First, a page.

Anheuser-Busch InBev (NYSE:BUD) reported second-quarter results on July 26. The global beverage titan saw a return to volume growth -- aided by its global sponsorship of the FIFA World Cup -- and higher profits driven by strong sales of its premium beers.

Anheuser-Busch InBev results: The raw numbers

Metric

Q2 2018

Q2 2017

Year-Over-Year Change

Revenue

$14.014 billion

$14.182 billion

(1.2%)

Normalized profit

$2.163 billion

$1.872 billion

15.5%

Normalized EPS

$1.10

$0.95

15.8%

Data source: Anheuser-Busch InBev Q2 2018 earnings release. YOY percentage shown here does not normalize for currency changes and the impact of acquisitions and divestitures.

What happened with Anheuser-Busch InBev this quarter?

Total volumes grew 0.8%, boosted by AB InBev's sponsorship of the FIFA World Cup. AB InBev's own beer volumes increased 0.9%, non-beer volumes inched up 0.5%, and third-party products rose 2%.

A soccer ball sits between two pints of beer.

Apparently, soccer and beer go very well together. (Image Source: Getty Images)

Revenue for AB InBev's three global brands -- Budweiser, Corona, and Stella Artois -- rose 10.1% overall and by 16.7% outside of their home markets. Corona once again led the way, with sales jumping 21.9%, including 42.6% growth outside of its home market of Mexico. Stella Artois revenue grew 9%, and Budweiser revenue increased 4.1%, despite a decline in the U.S.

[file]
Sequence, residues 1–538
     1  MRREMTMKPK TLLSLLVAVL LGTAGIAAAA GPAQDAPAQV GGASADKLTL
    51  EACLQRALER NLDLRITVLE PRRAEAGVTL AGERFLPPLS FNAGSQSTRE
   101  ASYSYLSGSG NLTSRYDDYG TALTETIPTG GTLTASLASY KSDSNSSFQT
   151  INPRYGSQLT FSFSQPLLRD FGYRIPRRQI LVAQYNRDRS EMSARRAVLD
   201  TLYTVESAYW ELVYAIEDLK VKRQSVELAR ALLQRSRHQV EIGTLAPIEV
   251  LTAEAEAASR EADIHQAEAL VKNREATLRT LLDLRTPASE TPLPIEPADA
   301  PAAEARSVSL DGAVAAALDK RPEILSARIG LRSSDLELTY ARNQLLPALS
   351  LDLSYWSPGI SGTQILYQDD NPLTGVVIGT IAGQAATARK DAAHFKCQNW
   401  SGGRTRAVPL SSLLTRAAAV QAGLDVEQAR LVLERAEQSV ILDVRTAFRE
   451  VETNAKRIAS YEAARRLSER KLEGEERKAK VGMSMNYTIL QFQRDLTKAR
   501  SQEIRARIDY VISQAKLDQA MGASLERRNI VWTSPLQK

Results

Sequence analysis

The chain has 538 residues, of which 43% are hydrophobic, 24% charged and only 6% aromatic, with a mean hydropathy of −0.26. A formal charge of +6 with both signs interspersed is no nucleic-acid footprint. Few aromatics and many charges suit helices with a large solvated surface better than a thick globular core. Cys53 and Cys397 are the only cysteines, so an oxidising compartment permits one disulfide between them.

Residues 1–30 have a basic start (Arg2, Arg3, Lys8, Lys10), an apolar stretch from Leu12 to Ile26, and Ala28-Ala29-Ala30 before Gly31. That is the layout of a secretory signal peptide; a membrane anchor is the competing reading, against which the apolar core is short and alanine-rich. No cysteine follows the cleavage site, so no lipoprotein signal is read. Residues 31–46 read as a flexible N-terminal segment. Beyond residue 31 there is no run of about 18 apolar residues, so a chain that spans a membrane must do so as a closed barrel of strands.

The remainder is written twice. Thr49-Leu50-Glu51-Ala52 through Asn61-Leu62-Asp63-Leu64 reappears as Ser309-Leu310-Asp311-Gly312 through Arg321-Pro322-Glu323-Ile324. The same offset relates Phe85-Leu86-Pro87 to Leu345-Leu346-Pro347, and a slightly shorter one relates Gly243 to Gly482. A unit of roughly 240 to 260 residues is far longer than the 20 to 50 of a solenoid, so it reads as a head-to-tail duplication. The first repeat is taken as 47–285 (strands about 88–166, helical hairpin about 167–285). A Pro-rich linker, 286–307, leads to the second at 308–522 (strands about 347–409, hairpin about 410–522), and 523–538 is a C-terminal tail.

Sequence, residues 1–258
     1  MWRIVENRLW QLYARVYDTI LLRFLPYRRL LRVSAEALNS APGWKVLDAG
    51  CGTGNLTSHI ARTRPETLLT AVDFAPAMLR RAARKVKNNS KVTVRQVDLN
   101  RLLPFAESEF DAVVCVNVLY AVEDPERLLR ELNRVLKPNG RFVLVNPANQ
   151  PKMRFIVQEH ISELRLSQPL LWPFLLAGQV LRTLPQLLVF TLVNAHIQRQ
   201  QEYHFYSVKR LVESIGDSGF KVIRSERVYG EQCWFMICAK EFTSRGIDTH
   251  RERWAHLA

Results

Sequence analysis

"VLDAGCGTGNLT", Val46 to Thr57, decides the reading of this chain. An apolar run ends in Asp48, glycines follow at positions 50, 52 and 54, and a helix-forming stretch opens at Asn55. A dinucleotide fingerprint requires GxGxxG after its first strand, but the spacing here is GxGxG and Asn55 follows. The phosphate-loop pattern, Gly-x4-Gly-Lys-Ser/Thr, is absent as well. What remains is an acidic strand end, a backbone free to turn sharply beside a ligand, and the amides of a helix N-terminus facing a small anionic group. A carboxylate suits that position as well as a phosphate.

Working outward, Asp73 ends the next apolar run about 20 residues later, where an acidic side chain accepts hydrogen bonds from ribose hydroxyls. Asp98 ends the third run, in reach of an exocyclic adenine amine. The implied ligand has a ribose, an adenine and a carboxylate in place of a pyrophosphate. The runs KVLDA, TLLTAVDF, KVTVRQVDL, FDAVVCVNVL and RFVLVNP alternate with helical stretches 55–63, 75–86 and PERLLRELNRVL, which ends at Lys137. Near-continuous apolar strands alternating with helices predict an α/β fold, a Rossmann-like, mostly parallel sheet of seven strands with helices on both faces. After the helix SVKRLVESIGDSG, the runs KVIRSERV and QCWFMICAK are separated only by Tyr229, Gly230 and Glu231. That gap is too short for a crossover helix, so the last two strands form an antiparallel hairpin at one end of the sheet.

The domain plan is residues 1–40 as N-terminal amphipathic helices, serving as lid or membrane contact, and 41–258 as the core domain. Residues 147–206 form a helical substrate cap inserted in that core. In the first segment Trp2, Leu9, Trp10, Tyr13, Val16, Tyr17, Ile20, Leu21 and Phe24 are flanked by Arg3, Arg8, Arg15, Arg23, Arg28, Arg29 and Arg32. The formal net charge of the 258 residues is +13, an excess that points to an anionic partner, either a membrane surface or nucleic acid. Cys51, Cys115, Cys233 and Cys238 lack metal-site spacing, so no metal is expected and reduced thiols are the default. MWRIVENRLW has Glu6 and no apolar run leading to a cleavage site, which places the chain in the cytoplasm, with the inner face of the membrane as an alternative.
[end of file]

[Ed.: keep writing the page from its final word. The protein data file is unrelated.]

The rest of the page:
In all, AB InBev's organic revenue growth -- which adjusts for currency fluctuations as well as acquisition- and divestiture-related items -- rose 4.7%. Moreover, revenue per hectoliter increased 4.5%, as the company continues to promote its more expensive, and higher-margin, brands as part of its "premiumization" strategy.

These efforts -- combined with an additional $199 million in cost savings related to its merger with SABMiller that AB InBev captured in the second quarter -- helped EBITDA margin improve 85 basis points to 39.7%. In turn, normalized EBITDA, which excludes non-recurring items and discontinued operations rose 7% to $5.6 billion.

Looking forward

Anheuser-Busch InBev said that revenue and EBITDA growth should accelerate in the second half of fiscal 2018. The company also expects to capture an additional $700 million in cost synergies related to its merger with SAB by October 2020.

To further streamline its operations, AB InBev announced plans to reduce its geographic segments to six from nine. The company will also place its marketing team and ZX Ventures, its venture capital arm developing new products and businesses, under common leadership to spur innovation. Additionally, AB InBev created new senior leadership positions to oversee its non-alcoholic beverages and company-owned retail businesses. The changes go into effect on Jan. 1, 2019. 

"We remain focused on delivering top-line growth, creating new occasions, and expanding the beer category," CEO Carlos Alves de Brito said during a conference call with analysts. "We believe that, by implementing these changes, we'll be better equipped to accelerate growth and be more responsive to our consumers and customers to bring them an even better experience."

Joe Tenebruso has no position in any of the stocks mentioned. The Motley Fool owns shares of and recommends Anheuser-Busch InBev NV. The Motley Fool has a disclosure policy.